Hint: It’s not food!
The same way your child needs a diet of food throughout the day in order to be nourished, hydrated, and function at maximum capability, s/he also needs a ‘diet’ of different types of sensory input throughout the day in order to be alert, in control, and function at maximum capability. A “sensory diet” consists of the exact right sensory input someone needs in order to go about her day fulfilling her potential.
What is sensory input?
Any type of experience that stimulates the eight senses — the five far senses: Vision (sight), Auditory (sound), Olfaction (smell), Gustation (taste), Tactile (touch, or feel); and the three near senses: Vestibular (balance), Proprioception (sense of muscle and joint movements, external body awareness); and Interoception (sense of what is happening inside our body — internal body awareness). For a ‘refresher’ on the senses, see this post
How does a sensory diet work?
A sensory diet is an “action plan” to incorporate the different sensory input your child needs at different times during the day in order to stay in a just-right state. The term was initially coined by OT Patricia Wilbarger. We generate sensory input, or use already existing input, so we can stay in a regulated state of mind and function successfully.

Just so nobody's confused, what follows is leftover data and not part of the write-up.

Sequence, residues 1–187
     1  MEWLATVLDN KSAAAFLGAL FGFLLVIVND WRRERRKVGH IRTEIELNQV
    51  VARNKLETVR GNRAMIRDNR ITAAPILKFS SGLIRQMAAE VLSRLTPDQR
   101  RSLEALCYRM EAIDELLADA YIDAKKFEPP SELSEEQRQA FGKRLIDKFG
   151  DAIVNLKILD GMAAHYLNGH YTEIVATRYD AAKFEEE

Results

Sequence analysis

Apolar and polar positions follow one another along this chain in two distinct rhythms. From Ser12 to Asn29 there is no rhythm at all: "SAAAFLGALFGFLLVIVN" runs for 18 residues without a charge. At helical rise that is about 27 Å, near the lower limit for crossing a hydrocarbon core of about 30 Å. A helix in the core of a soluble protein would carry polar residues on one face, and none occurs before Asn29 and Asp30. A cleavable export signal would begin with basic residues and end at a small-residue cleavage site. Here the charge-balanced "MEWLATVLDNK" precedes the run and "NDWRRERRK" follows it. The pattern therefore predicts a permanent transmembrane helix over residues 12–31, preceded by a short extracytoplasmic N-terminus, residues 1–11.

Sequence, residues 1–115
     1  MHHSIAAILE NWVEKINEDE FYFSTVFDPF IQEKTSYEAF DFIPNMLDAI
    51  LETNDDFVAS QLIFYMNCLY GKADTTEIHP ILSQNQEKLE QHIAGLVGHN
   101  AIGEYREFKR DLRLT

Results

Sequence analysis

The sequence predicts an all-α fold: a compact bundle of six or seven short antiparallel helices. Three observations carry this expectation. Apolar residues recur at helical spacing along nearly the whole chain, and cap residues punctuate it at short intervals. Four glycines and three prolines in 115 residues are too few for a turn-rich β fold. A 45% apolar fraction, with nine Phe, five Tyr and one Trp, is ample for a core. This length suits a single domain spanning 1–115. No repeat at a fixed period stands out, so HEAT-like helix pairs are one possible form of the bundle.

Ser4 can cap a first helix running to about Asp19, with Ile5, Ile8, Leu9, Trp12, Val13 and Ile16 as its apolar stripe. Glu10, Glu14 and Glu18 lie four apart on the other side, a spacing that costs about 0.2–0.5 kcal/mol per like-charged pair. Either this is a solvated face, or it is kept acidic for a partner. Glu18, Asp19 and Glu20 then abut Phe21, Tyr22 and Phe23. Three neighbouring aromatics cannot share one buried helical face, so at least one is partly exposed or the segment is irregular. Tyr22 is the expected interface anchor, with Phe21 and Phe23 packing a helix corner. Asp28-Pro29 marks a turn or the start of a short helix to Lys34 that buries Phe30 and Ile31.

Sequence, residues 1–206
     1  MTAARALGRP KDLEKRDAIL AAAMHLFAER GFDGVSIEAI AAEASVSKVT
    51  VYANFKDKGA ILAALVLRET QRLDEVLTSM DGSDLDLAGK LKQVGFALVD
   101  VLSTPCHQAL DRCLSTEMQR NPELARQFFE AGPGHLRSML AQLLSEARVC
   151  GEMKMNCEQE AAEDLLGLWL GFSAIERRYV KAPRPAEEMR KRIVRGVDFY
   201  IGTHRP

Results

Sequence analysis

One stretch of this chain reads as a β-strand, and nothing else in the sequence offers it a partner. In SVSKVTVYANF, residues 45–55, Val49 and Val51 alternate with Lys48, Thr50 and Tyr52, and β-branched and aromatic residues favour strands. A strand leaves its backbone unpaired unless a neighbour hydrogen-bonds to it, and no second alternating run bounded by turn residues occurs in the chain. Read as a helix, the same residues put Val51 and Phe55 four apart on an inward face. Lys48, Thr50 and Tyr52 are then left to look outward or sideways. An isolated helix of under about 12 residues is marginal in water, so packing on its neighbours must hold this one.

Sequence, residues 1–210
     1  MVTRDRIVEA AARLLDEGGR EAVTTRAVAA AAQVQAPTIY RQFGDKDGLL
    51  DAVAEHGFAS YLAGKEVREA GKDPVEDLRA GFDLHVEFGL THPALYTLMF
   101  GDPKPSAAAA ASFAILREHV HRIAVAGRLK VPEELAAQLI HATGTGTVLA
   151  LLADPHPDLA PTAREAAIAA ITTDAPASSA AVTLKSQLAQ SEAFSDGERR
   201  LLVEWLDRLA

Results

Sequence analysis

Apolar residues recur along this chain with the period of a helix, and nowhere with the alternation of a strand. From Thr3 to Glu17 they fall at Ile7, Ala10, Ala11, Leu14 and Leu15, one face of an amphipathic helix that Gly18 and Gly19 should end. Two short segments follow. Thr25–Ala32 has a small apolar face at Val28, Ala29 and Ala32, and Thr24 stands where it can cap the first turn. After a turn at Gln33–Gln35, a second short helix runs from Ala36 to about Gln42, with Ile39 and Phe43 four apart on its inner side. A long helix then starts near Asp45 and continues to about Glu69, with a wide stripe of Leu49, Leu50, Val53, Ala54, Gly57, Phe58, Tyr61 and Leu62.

Who needs a sensory diet?
Actually, we all do. And we all have one — everyone uses sensory strategies, usually without even realizing it, to calm down, wake up, stay focused, etc. Are you ever bored in a meeting? If so, what do you do to stay attentive? Perhaps you take a sip of coffee? Get up to get a drink of water? Use your pen as a fidget toy? And how about when you’re stressed? Do you like to take a hot bath? Listen to relaxing music?
If you find it difficult to realize what you need to do to re-focus, de-stress, etc., you might benefit from having a list of sensory activities to try — and that’s what a sensory diet gives your child.
Are all sensory diets the same ‘flavor’ input?
No, there are two basic ‘flavors’ of sensory activities: up-regulating (alerting, arousing, waking up) and down-regulating (calming, soothing). Some people need more sensory stimulation, some people need to be calmed down.
That sounds pretty simple.
Sometimes the effects of an activity can be alerting for one person in one particular situation, but calming for another person in a different situation. For example, bouncing on a trampoline can stimulate the proprioceptive sense and get someone’s engine running in high gear (alert them), and it can also help an overstimulated person release energy in order to feel calmer.
In general, a child whose engine runs high needs more calming sensory input, and a child whose engine runs low needs more arousing sensory input.